Thursday, October 30, 2014


Iran

World Powers Voice Fears About Iran's Enrichment Work

Iranian President Mahmud Ahmadinejad looks on next to scientists unveiling a fuel rod at the Tehran Research Reactor in February.
Iranian President Mahmud Ahmadinejad looks on next to scientists unveiling a fuel rod at the Tehran Research Reactor in February.
By RFE/RL
World powers at a meeting of the UN's nuclear watchdog have presented a draft resolution expressing “serious concern” about Iran’s expanded uranium-enrichment program.

The draft was presented jointly by Britain, China, France, Germany, Russia, and the United States.

It urges Iran “to comply fully and without delay with all of its obligations under the relevant resolutions of the UN Security Council.”

That includes heeding Security Council demands for a suspension of all uranium-enrichment activities.

It also calls on Iran to implement an Additional Protocol to its agreement with the IAEA that would allow unfettered IAEA inspections of its nuclear sites.

The draft resolution comes after an IAEA report last month said Iran had doubled its enrichment capacity during the last three months. The report also said that, since May, Iran has increased by one-third its stock of uranium enriched to a level of 20 percent.

Uranium enriched to 20 percent is considered a short technical step away from enrichment to the 90 percent level needed to build nuclear weapons.

Iran is considered likely to try to counter the efforts to get the draft resolution approved on September 13 when all 35 IAEA board member countries vote. They could again offer to cooperate with the nuclear agency.

Tehran has said discussions are under way this week about the possibility of another meeting with IAEA officials.

However, the last meeting in Vienna in August did not lead to any breakthroughs.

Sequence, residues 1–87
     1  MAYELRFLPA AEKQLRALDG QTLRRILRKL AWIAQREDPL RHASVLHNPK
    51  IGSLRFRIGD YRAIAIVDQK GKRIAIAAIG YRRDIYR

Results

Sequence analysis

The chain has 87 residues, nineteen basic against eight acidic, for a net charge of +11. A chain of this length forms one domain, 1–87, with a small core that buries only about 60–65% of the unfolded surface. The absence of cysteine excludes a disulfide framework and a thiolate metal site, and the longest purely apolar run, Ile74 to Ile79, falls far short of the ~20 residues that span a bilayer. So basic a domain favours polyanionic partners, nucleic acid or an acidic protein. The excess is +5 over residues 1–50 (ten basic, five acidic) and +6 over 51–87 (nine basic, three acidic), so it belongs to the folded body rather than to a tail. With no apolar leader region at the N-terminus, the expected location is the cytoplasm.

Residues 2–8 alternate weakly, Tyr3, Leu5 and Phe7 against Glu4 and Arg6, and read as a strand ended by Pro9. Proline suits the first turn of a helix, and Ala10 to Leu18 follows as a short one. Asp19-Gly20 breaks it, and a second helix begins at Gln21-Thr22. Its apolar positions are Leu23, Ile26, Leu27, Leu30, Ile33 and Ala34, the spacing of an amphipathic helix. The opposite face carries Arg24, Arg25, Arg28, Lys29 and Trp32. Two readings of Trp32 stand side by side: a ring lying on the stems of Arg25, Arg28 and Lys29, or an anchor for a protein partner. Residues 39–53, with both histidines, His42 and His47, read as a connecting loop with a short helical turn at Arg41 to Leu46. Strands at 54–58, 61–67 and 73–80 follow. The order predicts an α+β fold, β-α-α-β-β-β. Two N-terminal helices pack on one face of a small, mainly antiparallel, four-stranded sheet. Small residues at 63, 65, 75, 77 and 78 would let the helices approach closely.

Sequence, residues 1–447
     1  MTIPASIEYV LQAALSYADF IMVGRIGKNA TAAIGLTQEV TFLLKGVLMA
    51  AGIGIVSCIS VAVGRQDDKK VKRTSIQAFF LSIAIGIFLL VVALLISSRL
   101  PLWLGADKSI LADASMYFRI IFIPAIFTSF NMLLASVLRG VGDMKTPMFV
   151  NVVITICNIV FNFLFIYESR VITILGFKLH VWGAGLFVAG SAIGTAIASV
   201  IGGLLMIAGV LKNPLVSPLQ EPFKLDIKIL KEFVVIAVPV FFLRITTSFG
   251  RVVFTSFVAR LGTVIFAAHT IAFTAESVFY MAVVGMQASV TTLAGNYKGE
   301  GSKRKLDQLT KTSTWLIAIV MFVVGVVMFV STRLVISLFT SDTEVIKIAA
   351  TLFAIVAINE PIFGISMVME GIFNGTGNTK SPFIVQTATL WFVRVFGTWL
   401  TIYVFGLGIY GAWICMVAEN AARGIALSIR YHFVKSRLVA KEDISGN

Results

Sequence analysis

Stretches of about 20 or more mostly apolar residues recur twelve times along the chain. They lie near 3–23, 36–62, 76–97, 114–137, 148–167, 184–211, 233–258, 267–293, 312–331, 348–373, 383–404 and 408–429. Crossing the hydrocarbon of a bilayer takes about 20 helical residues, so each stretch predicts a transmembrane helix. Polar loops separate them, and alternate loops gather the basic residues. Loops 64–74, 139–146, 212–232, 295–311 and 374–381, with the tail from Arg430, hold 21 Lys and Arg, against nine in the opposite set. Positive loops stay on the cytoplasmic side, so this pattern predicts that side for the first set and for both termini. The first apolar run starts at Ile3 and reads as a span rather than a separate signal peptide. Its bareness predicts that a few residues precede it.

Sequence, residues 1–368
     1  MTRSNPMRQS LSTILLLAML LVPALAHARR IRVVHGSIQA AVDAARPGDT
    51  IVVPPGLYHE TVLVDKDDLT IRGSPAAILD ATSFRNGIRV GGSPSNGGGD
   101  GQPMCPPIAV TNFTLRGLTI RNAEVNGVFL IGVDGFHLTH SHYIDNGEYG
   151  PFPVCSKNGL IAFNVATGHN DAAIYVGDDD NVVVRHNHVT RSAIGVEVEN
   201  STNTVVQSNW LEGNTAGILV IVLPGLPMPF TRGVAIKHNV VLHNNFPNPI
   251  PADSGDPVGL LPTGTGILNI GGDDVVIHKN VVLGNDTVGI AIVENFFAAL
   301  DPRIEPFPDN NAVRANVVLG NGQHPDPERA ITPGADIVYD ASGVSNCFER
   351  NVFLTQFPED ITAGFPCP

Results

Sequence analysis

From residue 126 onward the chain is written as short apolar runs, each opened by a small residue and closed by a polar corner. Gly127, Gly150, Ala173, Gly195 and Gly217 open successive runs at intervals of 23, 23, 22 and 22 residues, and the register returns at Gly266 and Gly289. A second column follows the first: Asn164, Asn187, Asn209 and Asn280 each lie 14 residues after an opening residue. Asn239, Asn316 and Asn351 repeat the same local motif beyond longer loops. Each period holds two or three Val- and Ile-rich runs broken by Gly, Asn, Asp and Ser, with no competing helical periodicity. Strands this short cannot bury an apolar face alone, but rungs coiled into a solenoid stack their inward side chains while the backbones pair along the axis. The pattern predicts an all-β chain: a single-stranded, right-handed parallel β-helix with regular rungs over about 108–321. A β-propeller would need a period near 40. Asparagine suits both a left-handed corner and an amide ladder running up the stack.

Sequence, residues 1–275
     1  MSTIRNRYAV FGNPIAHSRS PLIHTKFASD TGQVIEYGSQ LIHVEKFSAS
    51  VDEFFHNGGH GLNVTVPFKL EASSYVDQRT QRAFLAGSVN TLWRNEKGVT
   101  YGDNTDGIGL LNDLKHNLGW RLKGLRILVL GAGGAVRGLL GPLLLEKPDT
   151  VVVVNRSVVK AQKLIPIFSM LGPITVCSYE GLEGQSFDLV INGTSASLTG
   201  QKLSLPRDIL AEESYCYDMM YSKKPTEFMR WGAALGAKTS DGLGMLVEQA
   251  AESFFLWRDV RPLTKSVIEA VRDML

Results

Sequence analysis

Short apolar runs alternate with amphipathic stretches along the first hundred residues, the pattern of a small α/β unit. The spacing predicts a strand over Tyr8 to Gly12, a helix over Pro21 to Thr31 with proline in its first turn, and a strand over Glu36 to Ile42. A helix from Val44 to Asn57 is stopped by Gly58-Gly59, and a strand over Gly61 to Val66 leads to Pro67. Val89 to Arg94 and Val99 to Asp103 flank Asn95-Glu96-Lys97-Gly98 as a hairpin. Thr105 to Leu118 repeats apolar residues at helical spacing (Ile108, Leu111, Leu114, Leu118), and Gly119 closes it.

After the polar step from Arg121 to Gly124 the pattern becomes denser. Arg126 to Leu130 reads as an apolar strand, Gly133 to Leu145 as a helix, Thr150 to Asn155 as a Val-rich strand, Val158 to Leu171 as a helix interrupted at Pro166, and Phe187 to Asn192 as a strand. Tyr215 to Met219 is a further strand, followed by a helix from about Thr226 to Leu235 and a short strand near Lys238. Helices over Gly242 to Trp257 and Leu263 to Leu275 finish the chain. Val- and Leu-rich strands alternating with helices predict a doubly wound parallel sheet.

On September 10, IAEA chief Yukia Amano said it was “frustrating” that the two sides had made no progress in talks since January.

"Despite the intensified dialogue between the agency and Iran since January 2012, no concrete results have been achieved so far," Amano said. "This is frustrating because, without Iran’s full engagement, we will not be able to start the process to resolve all outstanding issues, including those concerning possible military dimensions to its nuclear program."

The IAEA also is expected on September 13 to discuss how to respond to Iran’s continued refusal to grant inspectors immediate access to the Parchin military site.

Iran built facilities at the base in 2000 to contain the detonation of up to 70 kilograms of high explosives -- something the IAEA has called “relevant to the development of an explosive device.”

The IAEA has obtained information in recent months that indicates Iran has been busy cleaning up the suspected site, including tearing down some buildings and removing soil.

Iran said earlier this month that it first wants to see Western intelligence reports “which contain the accusations and claims” before allowing IAEA inspections. Tehran also has said the IAEA is not authorized to inspect the Parchin complex because it is not registered as a nuclear site.

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